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Case Study

Medical negligence claim against North Devon healthcare NHS Trust can continue

Fieldfisher have successfully opposed an Application to strike out their client's claim for medical negligence against North Devon Healthcare NHS Trust. We had taken over conduct of the claim from other solicitors.

Our client, Mr Edward Appleby, was involved in a serious road traffic accident on 2 June 2005. He was taken to North Devon District Hospital where he underwent surgery on his right leg.  Unfortunately, he developed Compartment Syndrome which went unnoticed for several hours. Since then, he has required over 20 operations to improve the function of his leg. Despite this treatment, and as a result of the failure to treat the Compartment Syndrome, his leg was eventually amputated below the knee in August 2009. 

Mr Appleby brought a claim against the driver of the car in the road traffic accident which was settled in September 2009, shortly before trial. On the advice of his previous solicitors he accepted a significant discount in his damages for contributory negligence to reflect the fact that he may have contributed to the accident.

He began a second claim for medical negligence against North Devon Healthcare NHS Trust for failing to identify and treat his Compartment Syndrome in time on 2 June 2008. His previous solicitors made little progress with the case and no reference to the previous RTA settlement was made in the Court documents.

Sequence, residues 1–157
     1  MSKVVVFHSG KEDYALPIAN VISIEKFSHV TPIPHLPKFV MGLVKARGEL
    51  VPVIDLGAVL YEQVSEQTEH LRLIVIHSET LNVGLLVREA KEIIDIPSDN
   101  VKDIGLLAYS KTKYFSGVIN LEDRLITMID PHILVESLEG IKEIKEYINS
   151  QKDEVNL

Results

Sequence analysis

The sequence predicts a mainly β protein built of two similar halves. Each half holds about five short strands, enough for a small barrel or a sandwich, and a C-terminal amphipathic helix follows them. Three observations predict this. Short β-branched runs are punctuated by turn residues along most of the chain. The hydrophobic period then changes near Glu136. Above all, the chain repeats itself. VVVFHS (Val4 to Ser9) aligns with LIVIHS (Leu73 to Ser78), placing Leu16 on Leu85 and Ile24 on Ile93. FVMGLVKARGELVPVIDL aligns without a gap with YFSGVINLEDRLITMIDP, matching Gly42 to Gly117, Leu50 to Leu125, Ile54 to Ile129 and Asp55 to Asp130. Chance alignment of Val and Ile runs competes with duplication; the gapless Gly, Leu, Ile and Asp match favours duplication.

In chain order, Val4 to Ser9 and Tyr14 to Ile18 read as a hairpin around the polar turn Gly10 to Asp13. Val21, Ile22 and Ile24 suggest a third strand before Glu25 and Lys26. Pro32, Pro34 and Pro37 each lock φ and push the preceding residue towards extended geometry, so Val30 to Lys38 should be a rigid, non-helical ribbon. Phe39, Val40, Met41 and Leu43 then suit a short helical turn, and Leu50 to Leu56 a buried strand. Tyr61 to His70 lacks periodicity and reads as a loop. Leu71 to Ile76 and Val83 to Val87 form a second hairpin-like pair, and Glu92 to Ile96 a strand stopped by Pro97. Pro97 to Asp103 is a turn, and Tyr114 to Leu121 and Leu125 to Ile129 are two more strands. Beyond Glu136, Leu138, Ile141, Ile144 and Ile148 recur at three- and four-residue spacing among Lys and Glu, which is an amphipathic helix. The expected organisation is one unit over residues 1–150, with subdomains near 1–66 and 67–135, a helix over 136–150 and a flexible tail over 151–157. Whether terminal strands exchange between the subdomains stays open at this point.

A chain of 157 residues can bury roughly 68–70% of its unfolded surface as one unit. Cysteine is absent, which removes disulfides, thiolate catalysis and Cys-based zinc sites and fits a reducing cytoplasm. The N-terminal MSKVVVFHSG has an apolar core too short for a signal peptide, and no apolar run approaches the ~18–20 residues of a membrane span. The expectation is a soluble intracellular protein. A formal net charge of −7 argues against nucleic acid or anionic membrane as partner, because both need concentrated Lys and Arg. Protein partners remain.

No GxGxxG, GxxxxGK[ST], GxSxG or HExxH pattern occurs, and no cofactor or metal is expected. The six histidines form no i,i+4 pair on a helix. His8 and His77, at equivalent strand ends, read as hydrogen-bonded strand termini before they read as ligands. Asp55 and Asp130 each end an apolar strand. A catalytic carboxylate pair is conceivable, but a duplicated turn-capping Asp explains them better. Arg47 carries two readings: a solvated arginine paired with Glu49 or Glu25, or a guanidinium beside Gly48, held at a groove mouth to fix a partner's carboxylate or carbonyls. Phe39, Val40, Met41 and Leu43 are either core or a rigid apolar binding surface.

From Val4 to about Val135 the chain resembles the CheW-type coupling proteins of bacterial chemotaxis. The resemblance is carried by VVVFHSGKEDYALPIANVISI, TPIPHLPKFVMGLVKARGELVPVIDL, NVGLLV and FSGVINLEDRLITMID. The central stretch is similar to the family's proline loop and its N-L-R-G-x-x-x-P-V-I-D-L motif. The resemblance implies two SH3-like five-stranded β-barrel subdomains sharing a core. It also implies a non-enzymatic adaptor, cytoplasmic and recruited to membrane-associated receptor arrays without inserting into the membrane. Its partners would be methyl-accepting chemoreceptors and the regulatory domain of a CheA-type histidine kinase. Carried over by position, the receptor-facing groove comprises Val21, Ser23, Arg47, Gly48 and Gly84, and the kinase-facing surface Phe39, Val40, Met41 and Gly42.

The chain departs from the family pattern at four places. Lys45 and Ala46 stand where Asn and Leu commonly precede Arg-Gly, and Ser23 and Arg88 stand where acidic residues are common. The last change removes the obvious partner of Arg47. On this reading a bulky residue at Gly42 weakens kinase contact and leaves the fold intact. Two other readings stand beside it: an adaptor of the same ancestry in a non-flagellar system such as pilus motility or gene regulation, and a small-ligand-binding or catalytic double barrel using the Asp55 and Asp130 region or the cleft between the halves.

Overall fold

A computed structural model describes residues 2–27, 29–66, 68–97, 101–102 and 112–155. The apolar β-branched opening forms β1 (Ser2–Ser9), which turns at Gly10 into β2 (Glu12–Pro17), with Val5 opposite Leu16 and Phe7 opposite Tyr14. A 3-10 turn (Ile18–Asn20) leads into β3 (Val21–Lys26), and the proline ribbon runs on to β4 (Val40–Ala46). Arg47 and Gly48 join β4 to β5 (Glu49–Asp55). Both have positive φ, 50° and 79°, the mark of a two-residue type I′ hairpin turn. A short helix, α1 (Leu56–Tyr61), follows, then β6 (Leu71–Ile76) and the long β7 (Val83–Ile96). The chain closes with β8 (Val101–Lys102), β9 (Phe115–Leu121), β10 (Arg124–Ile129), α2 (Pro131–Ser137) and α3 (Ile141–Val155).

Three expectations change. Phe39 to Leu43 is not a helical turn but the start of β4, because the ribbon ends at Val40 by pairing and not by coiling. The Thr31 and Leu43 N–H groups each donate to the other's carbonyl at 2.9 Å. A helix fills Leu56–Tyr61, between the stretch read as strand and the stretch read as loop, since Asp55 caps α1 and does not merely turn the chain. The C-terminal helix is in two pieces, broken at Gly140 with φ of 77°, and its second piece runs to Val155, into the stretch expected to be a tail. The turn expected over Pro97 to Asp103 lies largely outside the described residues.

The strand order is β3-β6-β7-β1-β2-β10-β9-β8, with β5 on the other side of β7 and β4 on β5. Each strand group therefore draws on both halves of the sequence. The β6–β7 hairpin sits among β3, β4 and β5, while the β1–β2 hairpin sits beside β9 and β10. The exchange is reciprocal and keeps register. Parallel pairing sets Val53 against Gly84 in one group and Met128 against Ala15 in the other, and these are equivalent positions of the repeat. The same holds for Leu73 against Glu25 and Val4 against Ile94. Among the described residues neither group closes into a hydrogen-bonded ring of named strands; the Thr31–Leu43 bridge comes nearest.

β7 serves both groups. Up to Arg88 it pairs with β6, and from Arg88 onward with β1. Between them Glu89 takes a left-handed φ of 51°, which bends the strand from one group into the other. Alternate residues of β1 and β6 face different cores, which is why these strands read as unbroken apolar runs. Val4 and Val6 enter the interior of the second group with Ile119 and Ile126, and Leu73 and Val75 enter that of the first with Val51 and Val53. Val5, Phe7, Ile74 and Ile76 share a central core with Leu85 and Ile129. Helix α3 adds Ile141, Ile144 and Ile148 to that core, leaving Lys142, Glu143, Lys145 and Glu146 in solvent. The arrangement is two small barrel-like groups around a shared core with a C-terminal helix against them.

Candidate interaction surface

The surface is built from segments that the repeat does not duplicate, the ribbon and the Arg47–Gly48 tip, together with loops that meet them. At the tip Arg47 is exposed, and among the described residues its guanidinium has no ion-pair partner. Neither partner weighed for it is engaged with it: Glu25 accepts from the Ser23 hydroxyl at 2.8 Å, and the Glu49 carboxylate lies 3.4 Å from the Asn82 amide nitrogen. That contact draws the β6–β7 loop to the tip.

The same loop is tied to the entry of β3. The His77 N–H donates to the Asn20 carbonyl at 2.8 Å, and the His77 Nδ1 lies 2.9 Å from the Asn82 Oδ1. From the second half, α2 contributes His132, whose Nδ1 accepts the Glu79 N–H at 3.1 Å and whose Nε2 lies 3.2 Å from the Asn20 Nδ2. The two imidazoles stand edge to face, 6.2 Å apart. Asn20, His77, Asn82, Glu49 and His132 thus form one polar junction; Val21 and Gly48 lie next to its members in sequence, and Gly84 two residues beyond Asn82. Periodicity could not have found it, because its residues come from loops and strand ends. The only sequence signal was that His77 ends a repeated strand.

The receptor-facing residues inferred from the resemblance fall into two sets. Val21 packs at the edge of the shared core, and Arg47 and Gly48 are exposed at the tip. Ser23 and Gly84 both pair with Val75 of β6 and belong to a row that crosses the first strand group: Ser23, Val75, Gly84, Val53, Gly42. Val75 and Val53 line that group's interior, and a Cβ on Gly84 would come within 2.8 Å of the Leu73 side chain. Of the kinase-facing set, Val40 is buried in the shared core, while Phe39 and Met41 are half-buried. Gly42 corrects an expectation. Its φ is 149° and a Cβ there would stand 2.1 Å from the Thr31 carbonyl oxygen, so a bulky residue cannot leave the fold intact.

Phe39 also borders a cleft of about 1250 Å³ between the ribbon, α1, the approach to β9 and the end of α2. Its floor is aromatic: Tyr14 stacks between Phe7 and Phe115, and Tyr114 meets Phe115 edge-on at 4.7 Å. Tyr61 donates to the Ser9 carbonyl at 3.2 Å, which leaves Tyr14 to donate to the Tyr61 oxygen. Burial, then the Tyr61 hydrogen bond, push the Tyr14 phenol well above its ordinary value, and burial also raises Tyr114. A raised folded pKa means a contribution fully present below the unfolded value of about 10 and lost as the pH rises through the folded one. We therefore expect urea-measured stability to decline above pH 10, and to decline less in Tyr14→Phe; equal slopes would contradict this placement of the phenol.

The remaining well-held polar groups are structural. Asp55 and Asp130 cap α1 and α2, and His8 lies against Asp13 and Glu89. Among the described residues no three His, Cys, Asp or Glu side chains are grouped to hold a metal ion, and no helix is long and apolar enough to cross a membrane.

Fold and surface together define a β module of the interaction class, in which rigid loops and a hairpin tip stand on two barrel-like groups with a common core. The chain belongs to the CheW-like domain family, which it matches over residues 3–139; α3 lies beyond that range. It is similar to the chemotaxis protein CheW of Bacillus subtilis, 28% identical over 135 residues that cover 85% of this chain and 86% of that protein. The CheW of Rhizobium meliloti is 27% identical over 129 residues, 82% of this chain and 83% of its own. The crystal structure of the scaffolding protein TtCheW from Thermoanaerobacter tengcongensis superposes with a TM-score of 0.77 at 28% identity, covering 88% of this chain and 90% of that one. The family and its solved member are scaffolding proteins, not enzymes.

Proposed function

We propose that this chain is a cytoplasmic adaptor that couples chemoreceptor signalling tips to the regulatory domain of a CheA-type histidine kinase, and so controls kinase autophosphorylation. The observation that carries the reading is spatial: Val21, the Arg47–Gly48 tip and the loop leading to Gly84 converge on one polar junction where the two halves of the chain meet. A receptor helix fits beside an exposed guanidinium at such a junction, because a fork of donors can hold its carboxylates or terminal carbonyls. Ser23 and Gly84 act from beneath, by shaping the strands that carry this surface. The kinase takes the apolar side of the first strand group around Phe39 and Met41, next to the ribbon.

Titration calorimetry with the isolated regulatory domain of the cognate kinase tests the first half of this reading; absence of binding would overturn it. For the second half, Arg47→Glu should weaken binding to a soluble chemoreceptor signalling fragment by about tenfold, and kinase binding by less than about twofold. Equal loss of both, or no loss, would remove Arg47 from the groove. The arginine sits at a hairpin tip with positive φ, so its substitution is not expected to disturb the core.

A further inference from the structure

The Defence was received on 3 September 2010 denying liability. Towards the end of 2011, the Defendant, North Devon Healthcare NHS Trust, applied to strike out Mr Appleby's claim against them on the basis that he had had already been compensated for all the injuries that he had suffered, including his amputation, when his claim was settled against the driver of the car. They argued that if they were obliged to pay him further compensation, this would amount to double recovery.

If the Defendant's Application had been successful, Mr Appleby's compensation would have been entirely inadequate to compensate him for the severity of his injuries and his future needs in relation to housing, care, therapy and prosthetics. He was understandably worried about this prospect and instructed us to take over conduct of his case at the end of March 2012.

In a short space of time, and despite delays from his previous solicitors in providing us with his papers, we were able to address the issues in his case.  We instructed Elizabeth Anne Gumbel QC to represent Mr Appleby at the hearing. We successfully argued that any damages that might be awarded in the medical negligence claim would not amount to double recovery. 

This was because his road traffic accident claim was reduced to take into account contributory negligence. However, as it could not be said that Mr Appleby was in any way at fault in relation to the treatment he had received at the North Devon District Hospital, the same reduction should not apply to any damages that they might be obliged to pay. It would therefore be unjust to deprive him of the opportunity to seek the 'additional' compensation from them.

The Defendant's Application was therefore refused; the claim for medical negligence continues.

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